Google Maps Bike There…for a safer, healthier, happier world. :-)

Subscribe Calls on U.S. Congress to Support Renewable Energy

March 05, 2008 By: Peter Smith Category: Uncategorized is the non-profit arm of Yesterday, they let Congress know that the various tax credits in place to continue to support renewable energy were important to Google, and to the world:

Yesterday, along with representatives from the business and venture capital community, called on the U.S. Congress and the Bush Administration to work together to quickly approve extensions of the Production Tax Credit (PTC) and Investment Tax Credit (ITC). The PTC and the ITC are tax incentives designed to spur the market for renewable energy and are critical to financing a new renewable energy generation. The credits are currently scheduled to expire on December 31, 2008.

Speaking at a news conference at the Washington International Renewable Energy Conference, Dan Reicher,‘s Director of Climate Change and Energy Initiatives, said: “We are at the dawn of a green energy revolution that could fundamentally reshape the way the world generates energy. It is critical that we get the policy right in order to drive investment in clean energy and push these technologies out of the lab and into the mainstream. Policy makers can make or break this revolution.”

If you’re not up on this green energy tax credit stuff - it’s very important. The interesting aspect is that renewable energy companies need to know now whether these tax credits will be in place next year so they can get busy planning for financing, construction, etc. If they can’t plan new projects - there won’t be new projects - it’s that simple. goes on to quote some facts and figures about jobs and so on. So, importantly, even a significant delay in re-authorizing these tax credits (subsidies) can greatly harm renewable energy initiatives.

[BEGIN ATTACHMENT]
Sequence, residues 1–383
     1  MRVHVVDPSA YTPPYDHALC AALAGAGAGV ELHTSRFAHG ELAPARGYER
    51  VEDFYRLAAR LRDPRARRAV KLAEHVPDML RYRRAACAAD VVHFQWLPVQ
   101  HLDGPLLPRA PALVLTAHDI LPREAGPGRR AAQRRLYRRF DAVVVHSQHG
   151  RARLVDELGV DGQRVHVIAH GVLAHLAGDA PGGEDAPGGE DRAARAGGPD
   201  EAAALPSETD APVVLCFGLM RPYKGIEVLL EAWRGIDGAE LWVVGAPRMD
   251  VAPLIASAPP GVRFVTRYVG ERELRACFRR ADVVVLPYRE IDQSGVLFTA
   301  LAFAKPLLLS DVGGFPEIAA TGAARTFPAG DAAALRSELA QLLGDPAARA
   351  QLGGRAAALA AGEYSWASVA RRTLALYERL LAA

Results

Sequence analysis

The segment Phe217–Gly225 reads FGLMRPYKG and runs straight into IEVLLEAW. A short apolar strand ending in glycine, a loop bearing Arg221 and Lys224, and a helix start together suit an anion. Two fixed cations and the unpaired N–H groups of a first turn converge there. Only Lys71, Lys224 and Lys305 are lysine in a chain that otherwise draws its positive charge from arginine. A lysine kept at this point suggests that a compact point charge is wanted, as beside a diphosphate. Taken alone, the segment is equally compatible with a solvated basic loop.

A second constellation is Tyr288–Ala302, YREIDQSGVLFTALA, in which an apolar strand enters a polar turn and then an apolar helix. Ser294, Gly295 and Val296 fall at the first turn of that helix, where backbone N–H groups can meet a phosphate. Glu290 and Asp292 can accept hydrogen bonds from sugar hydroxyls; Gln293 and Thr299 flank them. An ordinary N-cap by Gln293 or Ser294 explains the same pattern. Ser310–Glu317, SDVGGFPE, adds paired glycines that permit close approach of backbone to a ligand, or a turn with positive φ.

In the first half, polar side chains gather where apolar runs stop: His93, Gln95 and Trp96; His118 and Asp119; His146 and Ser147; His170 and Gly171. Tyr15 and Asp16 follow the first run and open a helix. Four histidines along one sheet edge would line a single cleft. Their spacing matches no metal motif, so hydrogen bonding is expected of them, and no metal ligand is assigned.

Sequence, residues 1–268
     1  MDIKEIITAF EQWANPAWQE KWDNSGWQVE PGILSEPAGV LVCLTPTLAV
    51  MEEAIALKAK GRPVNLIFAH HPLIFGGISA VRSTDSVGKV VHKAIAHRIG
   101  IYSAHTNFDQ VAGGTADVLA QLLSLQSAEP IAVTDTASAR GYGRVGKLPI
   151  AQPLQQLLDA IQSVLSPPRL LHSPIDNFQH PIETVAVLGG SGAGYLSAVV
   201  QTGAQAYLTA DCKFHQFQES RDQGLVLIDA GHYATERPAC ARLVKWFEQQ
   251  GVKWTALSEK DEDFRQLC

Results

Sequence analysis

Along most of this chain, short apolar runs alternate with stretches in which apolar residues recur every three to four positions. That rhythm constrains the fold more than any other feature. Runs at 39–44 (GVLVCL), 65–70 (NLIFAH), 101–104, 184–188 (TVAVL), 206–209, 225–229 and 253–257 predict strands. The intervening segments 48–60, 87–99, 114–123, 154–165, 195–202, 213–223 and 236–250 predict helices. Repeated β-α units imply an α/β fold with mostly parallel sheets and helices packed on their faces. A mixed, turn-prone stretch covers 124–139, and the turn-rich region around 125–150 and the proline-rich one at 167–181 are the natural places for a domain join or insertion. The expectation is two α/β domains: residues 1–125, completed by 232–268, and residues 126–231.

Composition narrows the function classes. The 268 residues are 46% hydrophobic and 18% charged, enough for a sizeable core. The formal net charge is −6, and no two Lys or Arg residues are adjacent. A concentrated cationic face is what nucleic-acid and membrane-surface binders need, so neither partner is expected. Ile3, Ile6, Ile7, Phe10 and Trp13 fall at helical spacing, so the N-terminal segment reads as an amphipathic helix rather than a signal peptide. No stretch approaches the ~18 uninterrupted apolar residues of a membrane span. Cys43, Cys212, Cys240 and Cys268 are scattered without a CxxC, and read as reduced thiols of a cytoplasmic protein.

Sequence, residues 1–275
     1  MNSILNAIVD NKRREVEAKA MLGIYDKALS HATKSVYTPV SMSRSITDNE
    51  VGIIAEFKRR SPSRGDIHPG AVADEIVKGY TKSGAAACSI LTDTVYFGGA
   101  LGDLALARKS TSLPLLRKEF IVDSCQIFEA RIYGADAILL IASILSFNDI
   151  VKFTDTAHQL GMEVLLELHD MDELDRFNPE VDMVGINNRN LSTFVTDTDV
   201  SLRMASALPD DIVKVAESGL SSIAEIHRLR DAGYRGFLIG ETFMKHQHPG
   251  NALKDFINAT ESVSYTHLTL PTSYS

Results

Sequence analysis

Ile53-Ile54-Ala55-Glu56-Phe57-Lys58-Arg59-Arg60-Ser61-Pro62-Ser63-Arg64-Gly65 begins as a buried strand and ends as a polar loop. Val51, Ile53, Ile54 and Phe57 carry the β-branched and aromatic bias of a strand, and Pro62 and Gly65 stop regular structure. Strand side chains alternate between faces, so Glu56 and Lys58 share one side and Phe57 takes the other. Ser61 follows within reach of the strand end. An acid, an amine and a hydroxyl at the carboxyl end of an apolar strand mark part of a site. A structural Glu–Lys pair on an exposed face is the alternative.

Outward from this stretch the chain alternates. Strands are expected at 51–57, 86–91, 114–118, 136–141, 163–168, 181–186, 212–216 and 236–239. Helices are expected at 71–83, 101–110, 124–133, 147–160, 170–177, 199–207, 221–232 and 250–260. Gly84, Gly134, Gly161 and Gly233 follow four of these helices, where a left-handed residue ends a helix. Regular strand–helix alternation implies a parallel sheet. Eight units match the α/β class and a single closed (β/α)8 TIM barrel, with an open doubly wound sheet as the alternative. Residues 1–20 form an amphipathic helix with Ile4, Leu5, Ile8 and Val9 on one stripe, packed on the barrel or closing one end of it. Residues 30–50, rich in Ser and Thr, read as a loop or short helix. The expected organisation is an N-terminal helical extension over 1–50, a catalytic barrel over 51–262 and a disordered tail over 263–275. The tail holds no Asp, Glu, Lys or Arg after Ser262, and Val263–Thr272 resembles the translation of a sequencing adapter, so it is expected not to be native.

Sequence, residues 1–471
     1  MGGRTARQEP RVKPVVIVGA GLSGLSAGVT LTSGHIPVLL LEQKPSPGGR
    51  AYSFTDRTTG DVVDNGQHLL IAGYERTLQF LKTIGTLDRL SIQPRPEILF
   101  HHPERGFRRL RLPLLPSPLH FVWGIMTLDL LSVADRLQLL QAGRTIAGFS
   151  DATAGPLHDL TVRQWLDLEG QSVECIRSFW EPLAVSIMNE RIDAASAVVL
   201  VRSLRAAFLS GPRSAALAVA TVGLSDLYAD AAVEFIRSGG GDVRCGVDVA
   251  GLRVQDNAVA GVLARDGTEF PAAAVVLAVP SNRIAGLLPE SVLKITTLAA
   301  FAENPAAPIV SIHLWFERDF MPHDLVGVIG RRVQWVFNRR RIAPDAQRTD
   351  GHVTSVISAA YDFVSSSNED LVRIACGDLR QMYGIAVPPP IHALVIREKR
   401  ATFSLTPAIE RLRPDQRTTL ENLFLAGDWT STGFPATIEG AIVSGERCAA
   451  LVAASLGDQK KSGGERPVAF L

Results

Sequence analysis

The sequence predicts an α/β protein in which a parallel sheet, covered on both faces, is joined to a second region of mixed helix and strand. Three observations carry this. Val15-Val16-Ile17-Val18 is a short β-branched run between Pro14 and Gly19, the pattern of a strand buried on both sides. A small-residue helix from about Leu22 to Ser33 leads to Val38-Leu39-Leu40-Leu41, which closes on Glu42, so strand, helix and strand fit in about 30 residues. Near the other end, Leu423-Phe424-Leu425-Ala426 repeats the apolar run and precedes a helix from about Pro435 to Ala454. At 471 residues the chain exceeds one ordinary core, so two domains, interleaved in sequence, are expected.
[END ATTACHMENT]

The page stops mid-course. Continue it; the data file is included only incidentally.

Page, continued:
If you don’t like the idea of subsidies, in general, then you should probably not be crazy about the $65 Billion in subsidies the U.S. government gives out to various U.S. industries every year. The best figures I’ve seen for the ‘Oil and Gas’ industry, for example, go about $5 Billion or $6 Billion a year. There’s ‘Ethanol’ - about $7 Billion or so, last time I checked. The list goes on. I couldn’t find one perfect source to cite, but these numbers seem to comport with what folks all across the political spectrum are saying - the Public Policy Institute, Cato, the GAO (Government Accountability Office), etc.

All that said, you don’t have to agree with, or me, or anyone else about the course of action we should take, save for one thing - if you sign the petition, you’re signing up to help us persuade Google that providing bicycle routes on Google Maps would be a very good thing. :)

And if you are (or anyone else) and you are interested in cutting emissions from wherever they come from - and however they contribute to climate change, then you’ll want to know about a growing consensus that cutting transportation emissions via fuel efficiency and other ‘clean energy’ technologies is not enough:

EU policies focusing mainly on improving vehicle technology and fuel quality are not enough to reduce the transport sector’s contribution to greenhouse gas emissions, argues the European Environment Agency (EEA).

Read the report here (pdf).

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